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Elaeocarpus is a genus consisting of 350 species of tropical and subtropical evergreen shrubs and trees. They are most popular in New Guinea and Bornea, but they also grow in Australia, southern China, and many other countries. Many species of Elaeocarpus may become extinct due to habitat loss. In India, the fruit of these trees are used to make chutney and pickles.
One of the few species that are not threatened, Elaeocarpus reticulatus, is commonly known as blueberry ash. It is native to eastern Australia, but it descended from environments similar to rain forests. While it can still tolerate such environments, it is now capable of thriving in drier conditions. This species has adapted to the new environment in several ways, including hardening its leaves and requiring less water.
Elaeocarpus holopetalus, another rain forest tree that is not threatened, is known by names such as mountain quandong, mountain blueberry, and black olive berry. Its trunk is very smooth and usually dark grey to brown in color. The leaves of this tree are very dark on top, but the leaves closer to the ground are light green. As the tree matures, its leaves turn red permanently. Like most trees in this genus, germination is rare and very slow even when successful.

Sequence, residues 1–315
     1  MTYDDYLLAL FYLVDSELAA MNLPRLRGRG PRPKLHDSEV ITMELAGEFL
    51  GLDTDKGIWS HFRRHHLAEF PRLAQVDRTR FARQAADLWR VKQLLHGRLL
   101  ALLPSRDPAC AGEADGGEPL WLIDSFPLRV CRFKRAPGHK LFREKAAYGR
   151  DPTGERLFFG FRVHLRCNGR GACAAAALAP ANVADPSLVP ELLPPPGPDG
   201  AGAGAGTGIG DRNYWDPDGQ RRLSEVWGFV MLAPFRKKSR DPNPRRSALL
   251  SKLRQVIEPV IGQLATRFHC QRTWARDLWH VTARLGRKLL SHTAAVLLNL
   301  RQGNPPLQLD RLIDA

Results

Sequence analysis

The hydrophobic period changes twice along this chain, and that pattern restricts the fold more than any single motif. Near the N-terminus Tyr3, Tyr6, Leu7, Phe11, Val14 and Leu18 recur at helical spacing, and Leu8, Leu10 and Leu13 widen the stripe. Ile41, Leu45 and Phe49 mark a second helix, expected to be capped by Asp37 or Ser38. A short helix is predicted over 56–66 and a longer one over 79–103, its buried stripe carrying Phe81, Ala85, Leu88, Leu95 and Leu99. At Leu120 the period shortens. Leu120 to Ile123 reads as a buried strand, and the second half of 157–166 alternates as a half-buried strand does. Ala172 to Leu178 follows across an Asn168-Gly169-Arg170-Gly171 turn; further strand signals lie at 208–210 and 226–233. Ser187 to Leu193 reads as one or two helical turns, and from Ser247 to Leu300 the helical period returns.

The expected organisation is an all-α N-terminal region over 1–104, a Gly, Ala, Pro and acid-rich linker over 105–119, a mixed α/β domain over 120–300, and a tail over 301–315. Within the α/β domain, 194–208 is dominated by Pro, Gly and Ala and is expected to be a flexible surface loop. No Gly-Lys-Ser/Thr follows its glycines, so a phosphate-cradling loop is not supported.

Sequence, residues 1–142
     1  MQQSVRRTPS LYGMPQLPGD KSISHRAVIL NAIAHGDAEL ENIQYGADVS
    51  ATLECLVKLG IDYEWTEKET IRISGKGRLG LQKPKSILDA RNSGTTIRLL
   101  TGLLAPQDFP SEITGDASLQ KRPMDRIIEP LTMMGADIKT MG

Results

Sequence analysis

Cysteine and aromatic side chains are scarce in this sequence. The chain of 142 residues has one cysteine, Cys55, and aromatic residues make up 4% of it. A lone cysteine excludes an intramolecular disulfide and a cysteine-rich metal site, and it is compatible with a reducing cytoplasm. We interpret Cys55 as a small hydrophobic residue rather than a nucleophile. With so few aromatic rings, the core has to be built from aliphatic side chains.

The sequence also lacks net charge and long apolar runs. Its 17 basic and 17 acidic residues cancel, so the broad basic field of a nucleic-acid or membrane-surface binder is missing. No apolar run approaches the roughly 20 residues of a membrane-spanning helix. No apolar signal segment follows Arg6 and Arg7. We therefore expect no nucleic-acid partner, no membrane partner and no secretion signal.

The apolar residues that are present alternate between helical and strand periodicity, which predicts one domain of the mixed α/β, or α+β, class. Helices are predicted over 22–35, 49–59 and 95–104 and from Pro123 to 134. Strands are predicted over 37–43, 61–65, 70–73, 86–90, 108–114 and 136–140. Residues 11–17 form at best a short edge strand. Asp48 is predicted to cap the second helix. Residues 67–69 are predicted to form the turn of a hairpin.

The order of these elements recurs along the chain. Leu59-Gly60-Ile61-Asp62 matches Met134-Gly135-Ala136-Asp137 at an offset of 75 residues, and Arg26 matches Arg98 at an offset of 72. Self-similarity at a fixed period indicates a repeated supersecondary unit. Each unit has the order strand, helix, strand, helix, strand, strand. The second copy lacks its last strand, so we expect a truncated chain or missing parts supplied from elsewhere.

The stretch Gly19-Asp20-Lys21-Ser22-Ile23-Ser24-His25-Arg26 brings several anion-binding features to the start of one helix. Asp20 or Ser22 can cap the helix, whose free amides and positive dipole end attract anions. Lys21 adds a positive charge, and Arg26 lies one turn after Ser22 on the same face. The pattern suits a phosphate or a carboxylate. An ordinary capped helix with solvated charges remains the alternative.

Rudraksha, or Elaeocarpus ganitrus, is a species that grows on the foothills of the Himalayas and in Hawaii and Indonesia. Though the tree grows quickly, it does not produce fruit until it is four to five years old. The seeds of this tree have been used for Hindu prayer beads for thousands of years. In fact, the tree is mentioned in a well-known Hindu legend in which the Hindu god of all living creatures sheds a tear that grows into the rudraksha tree. This species of the Elaeocarpus genus is also used in traditional Indian medicine to treat some diseases.
Elaeocarpus angustifolius, or the blue marble tree, produces a small blue fruit much like that of other trees in its genus. This fruit is often eaten by birds such as the cassowary, spectacled flying-fox, and wompoo fruit dove. Its seed passes through the birds’ digestive system completely undamaged, allowing the tree to reproduce miles away from its home.
Researchers have concluded that the steady destruction of the genus’ native habitat led to an imbalance between its vegetative and sexual reproduction. After testing fruit from several species, it was discovered that sterile fruit is very common. As of 2010, there is some effort to manage the species by implementing reintroduction programs.